Testing helps reduce community spread and keeps schools operating safely. Testing individuals who are symptomatic or close contacts helps enable rapid detection of cases in the school community and reduce or prevent school outbreaks.

    When our community transmission level is low (or moderate), we will be focusing on testing of those who present with symptoms. Our testing program may change if our community transmission level changes. 

    A routine screening testing, which regularly tests people without symptoms or known exposures, is a crucial tool to reduce unknown spread of the virus. This testing helps protect students, teachers, and staff. According to the Centers for Disease Control and Prevention, at least 50% of infections are likely contracted from someone who is asymptomatic (showing no symptoms) or pre-symptomatic (not currently showing symptoms but may develop them in the future).

    Add school-specific information here. Some possible information to include:

    • What type of testing your school/district has chosen – symptomatic, screening, etc.
    • How parents can consent to their child being tested – paper form, COVID Connect, etc.
    • Where and when testing will take place at the school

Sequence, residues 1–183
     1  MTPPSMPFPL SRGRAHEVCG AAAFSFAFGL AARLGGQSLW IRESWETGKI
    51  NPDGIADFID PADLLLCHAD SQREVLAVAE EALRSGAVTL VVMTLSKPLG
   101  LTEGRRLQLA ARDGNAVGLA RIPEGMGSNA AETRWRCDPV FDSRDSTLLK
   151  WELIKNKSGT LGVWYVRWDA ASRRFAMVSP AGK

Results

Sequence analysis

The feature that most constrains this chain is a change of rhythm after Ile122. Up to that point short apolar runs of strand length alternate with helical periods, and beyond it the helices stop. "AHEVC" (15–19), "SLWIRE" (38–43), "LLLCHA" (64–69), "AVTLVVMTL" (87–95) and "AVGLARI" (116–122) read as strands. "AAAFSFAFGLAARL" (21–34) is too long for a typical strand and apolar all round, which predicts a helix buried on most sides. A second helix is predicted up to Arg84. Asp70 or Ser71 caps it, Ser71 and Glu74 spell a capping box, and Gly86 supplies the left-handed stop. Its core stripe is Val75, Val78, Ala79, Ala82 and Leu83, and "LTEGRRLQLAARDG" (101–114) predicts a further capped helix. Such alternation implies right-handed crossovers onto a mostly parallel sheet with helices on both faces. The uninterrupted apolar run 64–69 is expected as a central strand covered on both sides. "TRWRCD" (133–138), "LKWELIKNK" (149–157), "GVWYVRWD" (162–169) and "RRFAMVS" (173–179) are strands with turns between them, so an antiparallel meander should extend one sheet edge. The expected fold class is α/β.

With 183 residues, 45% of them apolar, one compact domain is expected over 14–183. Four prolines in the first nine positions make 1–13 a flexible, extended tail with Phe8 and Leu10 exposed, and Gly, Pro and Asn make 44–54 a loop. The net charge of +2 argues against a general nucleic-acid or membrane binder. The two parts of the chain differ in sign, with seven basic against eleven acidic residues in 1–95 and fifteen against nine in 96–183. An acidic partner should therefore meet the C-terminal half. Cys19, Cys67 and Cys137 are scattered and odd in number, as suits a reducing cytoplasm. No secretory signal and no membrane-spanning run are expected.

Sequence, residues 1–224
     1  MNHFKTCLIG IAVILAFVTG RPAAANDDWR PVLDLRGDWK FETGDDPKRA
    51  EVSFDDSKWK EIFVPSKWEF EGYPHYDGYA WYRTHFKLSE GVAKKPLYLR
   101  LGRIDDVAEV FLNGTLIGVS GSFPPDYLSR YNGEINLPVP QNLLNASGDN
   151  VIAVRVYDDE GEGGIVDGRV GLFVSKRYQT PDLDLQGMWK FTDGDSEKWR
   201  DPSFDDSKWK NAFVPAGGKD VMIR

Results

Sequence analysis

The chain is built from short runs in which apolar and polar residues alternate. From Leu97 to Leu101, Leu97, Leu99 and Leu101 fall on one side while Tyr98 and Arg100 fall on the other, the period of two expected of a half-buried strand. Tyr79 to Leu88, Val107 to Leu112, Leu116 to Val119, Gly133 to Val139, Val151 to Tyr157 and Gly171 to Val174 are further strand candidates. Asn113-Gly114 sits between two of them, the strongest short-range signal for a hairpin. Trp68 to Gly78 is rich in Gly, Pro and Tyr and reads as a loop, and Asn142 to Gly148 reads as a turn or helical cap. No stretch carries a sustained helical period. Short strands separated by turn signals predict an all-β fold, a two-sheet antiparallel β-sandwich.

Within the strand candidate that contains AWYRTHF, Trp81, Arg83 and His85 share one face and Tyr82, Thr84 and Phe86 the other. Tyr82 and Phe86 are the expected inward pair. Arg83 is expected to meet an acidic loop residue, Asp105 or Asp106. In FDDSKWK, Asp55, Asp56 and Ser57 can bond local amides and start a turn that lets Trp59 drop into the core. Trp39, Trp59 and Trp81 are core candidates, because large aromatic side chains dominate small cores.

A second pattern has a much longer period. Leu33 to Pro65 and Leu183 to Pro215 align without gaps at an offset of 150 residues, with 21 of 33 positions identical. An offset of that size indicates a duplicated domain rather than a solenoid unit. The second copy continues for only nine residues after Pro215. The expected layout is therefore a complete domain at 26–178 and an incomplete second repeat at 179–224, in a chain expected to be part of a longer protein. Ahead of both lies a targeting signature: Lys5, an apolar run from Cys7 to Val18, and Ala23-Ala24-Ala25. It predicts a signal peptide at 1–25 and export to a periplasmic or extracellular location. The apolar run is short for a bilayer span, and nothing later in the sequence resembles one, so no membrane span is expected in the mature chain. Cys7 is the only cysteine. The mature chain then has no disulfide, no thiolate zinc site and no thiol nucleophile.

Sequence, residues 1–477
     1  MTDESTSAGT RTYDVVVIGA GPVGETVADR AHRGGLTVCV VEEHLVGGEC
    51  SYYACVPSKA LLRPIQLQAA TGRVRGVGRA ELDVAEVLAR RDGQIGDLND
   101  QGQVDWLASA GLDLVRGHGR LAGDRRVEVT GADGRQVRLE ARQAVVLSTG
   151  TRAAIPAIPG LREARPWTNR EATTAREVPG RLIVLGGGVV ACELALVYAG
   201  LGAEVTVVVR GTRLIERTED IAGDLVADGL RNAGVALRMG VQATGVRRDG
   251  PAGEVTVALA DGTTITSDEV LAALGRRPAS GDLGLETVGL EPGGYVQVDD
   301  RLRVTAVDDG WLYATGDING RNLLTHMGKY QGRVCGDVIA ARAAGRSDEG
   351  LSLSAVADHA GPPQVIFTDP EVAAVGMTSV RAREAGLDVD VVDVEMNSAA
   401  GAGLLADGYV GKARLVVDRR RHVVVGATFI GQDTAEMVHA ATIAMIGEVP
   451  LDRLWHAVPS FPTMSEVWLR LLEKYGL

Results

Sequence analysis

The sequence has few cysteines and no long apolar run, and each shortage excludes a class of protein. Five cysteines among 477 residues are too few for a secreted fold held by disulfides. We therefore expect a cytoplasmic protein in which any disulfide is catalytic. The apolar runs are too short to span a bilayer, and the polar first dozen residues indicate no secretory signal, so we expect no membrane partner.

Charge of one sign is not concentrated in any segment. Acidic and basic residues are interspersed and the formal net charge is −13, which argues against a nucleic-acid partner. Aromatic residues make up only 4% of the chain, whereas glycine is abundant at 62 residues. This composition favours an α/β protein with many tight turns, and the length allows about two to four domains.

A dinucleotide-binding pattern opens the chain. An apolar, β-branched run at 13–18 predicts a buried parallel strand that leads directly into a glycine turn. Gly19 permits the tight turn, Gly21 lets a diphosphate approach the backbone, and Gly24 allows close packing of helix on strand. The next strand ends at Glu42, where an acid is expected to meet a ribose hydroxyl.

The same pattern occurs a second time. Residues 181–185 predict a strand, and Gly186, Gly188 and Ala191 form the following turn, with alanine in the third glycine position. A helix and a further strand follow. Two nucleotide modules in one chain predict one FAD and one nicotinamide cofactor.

• What type of test will be used – rapid antigen vs. lab-based test

    Subject: Testing in schools helps protect our entire community

    The level of transmission of COVID-19 in a community and in a school are connected. The higher the level of community spread, the more likely that the virus will be present in the schools in our community.

    The Centers for Disease Control and Prevention recommends implementing multiple layers of prevention to decrease spread in schools. These prevention strategies include consistent and correct use of masks for those who are not fully vaccinated, adequate physical distancing, and frequent hand washing.

    Testing, along with other layered prevention strategies, can help prevent the spread of infection. By providing easy access to COVID-19 testing in schools, we can identify cases early, prevent spread, and help avoid outbreaks. Having testing in schools also helps to ensure all students, teachers, and staff have access to testing. 

    A strong testing program, along with other prevention efforts, will help support a successful, healthy learning environment in our schools.

    Add school-specific information here. Some possible information to include:

    • What type of testing your school/district has chosen – symptomatic, screening, etc.
    • How parents can consent to their child being tested – paper form, COVID Connect, etc.